[Ip-health] MPP-AbbVie License on Glecaprevir and Pibrentasvir

Baker, Brook b.baker at northeastern.edu
Tue Nov 13 15:36:06 PST 2018


MPP-AbbVie License on Glecaprevir and Pibrentasvir (G/P):  Backtracking on Geographic Coverage but with Options for Oppositions, Compulsory Licenses, and Negotiated Territorial Expansion
Professor Brook K. Baker
Nov. 13, 2018

AbbVie and the Medicines Patent Pool have negotiated a roylty-free licensing and sublicensing agreement on a priority hepatitis C direct acting antiviral, glecaprevir and pibrentasvir (G/P).  This G/P combo is recommended by the WHO as a pan-genotypic adult first-line regimen with ongoing Phase 3 trials for adolescents and children.  G/P has a high resistance barrier and the shortest treatment duration of any HCV regimen to date.

The main drawback of the MPP-AbbVie license is its relatively limited geographic scope – particularly its exclusion of India, a high burden country with a significant population of people living with HCV.  Not only are there fewer countries and territories included in the license (95 and 4 respectively) than in previous DAA licenses (Table 1), but the percentage of the global population living with HCV covered –  47.5% - is lower than Gilead’s bilateral license for sofosbuvir (62.3%) and BMS’s license for daclatasvir (54.3%).  Consistent with previous licenses, AbbVie prioritizes exclusion of so-called pharmerging markets and upper-middle-income markets, presumably reserving those markets for higher margin brand sales in both private and public sector markets.  The exclusion of countries with more capacity to finance reasonably priced HCV elimination strategies shrinks the overall market for generic G/P, reduces economies-of-scale for generic producers, and thus undermines treatment and elimination strategies in licensed territories as well.  As another negative, the license restricts production to companies located within the territory plus India (a manufacturing country only).

The patent situation in India and excluded territories is important.  There are five relevant patents filed on G, P, and G/P in India, one of which involving pibrentasvir is being opposed by I-MAK and Third World Network.  A first examination report on that application, since amended, detailed multiple grounds for denying a patent. If oppositions are expanded to the other four applications, if they are all successful, and if AbbVie does not unduly extend evaluation of its patent applications via substitutions, selection, amended or protracted appeals, then Indian generic companies would eventually be permitted to supply India and other non-territories where no granted patent is in force.  Thus, the MPP licenses accomplishes some “wholesale” work in facilitating generic entry and competition in 99 countries and territories while complementary oppositions open up opportunities some excluded territories as well since the license allows supply to countries and territories if no granted patent will be infringed.  Unfortunately, G/P appears to be very widely patented in LMICs, with 30 out of 32 extra-territorial LMICs in the MedsPAL database reporting granted and pending patents (Table 2). http://www.medspal.org/?product_standardized_name=Glecaprevir/Pibrentasvir%20100/40%20mg. On the plus side, there is some possibility that the MPP will be able to convince AbbVie to expand the licensed territory, including in India, while generic licensee develop and registered the licensed product.  Even if AbbVie does not expand the licensed territory, countries where patents are in effect still have the option to issue compulsory licenses and to be lawfully supplied by generic sublicensees.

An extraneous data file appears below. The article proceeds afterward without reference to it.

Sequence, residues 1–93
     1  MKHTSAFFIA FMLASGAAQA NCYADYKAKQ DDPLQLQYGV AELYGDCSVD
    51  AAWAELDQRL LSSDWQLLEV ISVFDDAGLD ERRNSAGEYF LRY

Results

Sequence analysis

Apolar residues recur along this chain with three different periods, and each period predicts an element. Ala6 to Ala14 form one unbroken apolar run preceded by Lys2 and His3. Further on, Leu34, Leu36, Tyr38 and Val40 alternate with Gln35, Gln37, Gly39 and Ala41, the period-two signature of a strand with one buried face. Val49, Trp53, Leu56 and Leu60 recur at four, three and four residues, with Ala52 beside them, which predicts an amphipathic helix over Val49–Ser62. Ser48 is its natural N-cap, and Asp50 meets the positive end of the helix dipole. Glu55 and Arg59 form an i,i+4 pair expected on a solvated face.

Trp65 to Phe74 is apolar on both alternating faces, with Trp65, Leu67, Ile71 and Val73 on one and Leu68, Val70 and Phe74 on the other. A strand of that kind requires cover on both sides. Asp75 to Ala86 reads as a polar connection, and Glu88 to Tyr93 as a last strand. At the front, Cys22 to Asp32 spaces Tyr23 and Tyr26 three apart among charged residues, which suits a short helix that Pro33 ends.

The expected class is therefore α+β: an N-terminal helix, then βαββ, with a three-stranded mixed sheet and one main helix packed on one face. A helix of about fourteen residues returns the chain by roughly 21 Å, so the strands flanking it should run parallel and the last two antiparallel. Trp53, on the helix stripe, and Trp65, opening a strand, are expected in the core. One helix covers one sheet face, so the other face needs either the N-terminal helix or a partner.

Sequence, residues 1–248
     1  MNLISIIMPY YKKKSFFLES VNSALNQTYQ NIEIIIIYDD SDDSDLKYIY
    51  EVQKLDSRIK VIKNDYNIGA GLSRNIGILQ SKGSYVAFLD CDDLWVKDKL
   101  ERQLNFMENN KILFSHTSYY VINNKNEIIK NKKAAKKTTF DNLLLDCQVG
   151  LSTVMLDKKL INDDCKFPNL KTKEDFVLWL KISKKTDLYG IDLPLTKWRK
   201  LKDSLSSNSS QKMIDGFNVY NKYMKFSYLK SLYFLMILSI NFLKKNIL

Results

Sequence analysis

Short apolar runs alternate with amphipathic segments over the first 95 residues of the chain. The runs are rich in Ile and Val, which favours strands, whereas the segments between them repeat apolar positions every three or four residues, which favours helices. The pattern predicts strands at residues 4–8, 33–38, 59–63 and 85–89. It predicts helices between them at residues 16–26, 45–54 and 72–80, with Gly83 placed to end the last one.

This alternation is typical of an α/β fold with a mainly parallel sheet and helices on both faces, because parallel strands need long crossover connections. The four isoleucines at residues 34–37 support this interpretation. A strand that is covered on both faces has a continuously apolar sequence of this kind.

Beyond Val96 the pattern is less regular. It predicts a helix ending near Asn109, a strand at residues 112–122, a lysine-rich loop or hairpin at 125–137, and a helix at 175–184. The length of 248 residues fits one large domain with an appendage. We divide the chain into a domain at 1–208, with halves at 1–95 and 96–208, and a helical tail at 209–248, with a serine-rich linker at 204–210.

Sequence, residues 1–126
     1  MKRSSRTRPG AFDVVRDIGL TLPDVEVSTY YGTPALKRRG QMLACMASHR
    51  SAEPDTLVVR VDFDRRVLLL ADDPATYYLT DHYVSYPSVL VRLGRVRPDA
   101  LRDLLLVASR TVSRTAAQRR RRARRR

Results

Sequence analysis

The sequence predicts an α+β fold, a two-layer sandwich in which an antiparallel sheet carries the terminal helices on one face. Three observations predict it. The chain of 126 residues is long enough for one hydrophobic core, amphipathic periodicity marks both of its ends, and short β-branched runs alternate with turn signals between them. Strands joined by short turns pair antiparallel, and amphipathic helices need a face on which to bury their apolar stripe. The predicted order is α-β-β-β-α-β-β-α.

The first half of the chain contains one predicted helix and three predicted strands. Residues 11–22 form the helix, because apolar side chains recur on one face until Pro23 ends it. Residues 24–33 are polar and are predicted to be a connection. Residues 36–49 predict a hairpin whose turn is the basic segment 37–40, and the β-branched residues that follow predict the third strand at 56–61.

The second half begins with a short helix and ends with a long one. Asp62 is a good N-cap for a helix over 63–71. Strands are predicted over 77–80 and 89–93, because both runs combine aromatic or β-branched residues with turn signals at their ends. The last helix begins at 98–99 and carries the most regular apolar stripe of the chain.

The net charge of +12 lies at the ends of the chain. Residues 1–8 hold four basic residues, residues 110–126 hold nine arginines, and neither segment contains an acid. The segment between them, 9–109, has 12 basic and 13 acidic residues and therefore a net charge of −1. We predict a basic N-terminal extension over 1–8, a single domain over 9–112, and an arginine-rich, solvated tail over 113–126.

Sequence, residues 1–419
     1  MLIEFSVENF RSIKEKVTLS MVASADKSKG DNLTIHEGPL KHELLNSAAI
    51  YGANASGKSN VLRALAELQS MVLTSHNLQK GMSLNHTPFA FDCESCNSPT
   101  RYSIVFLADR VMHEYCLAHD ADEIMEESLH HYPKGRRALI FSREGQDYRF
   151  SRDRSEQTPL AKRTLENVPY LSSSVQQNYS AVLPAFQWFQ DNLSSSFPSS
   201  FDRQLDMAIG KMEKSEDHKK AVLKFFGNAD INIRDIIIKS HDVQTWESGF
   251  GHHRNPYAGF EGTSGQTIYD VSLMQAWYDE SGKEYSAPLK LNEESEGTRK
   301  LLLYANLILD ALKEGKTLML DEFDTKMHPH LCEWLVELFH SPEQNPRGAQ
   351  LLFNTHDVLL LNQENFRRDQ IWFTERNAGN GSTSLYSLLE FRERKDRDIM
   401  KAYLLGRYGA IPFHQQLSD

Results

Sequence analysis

Table 1:  Countries and Territories Included in the License

Afghanistan, Angola, Antigua and Barbuda, Bangladesh, Belize, Benin, Bhutan, Bolivia, Botswana, Burkina Faso, Burundi, Cambodia, Cameroon, Cape Verde, Central African Republic, Chad, Comoros, Congo, Cook Island, Côte d’Ivoire, Democratic Republic of the Congo, Djibouti, Dominica, Egypt, Equatorial Guinea, Eritrea, Ethiopia, Fiji, Gabon, Gambia, Georgia, Ghana, Grenada, Guadeloupe, Guinea, Guinea-Bissau, Guyana, Haiti, Indonesia, Jordan, Kenya, Kiribati, Laos, Lesotho, Liberia, Libya, Madagascar, Malawi, Maldives, Mali, Marshall Islands, Mauritania, Mauritius, Micronesia, Morocco, Mozambique, Myanmar, Namibia, Nauru, Nepal, Niger, Nigeria, Niue, Pakistan, Palau, Papua New Guinea, Philippines, Rep., Reunion Islands, Rwanda, Saba, Saint Eustatius, Saint Kitts and Nevis, Saint Lucia, Saint Vincent & the Grenadines, Samoa, Sao Tome and Principe, Senegal, Seychelles, Sierra Leone, Solomon Islands, Somalia, South Africa, South Sudan, Sri Lanka, Suriname, Swaziland, Tanzania, Timor-Leste, Togo, Tunisia, Turkmenistan, Tuvalu, Uganda, Vanuatu, Vietnam, West Bank & Gaza, Yemen, Zambia, Zimbabwe
            Countries in bold have filed or granted patents

Table 2:  LMICs with Granted or Pending Patents Excluded from the License
(MedsPAL Nov. 13, 2018)

Albania, Armenia, Azerbaijan, Belarus, Bosnia & Herzegovina, Brazil, China, Colombia, Costa Rica, Dominican Republic, Ecuador, Guatemala, India, Kazakhstan, Kyrgyz Republic, Macedonia, Malaysia, Mexico, Moldova, Mongolia, Montenegro, Paraguay, Peru, Russia, Serbia, Tajikistan, Thailand, Turkey, Ukraine, Venezuela
*Nicaragua and El Salvador listed at having no relevant patent filed



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